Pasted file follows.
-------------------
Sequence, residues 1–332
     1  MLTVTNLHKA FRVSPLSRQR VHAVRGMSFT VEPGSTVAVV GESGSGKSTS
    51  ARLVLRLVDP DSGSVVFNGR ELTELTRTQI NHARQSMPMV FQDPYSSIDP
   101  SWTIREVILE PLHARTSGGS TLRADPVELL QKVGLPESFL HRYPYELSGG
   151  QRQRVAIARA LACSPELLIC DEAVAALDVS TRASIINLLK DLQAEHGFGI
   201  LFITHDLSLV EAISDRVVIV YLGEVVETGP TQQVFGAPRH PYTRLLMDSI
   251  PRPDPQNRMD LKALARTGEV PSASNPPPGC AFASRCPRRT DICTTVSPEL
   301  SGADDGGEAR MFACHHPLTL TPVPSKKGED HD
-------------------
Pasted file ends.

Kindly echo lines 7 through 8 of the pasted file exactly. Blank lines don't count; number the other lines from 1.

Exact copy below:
   251  PRPDPQNRMD LKALARTGEV PSASNPPPGC AFASRCPRRT DICTTVSPEL
   301  SGADDGGEAR MFACHHPLTL TPVPSKKGED HD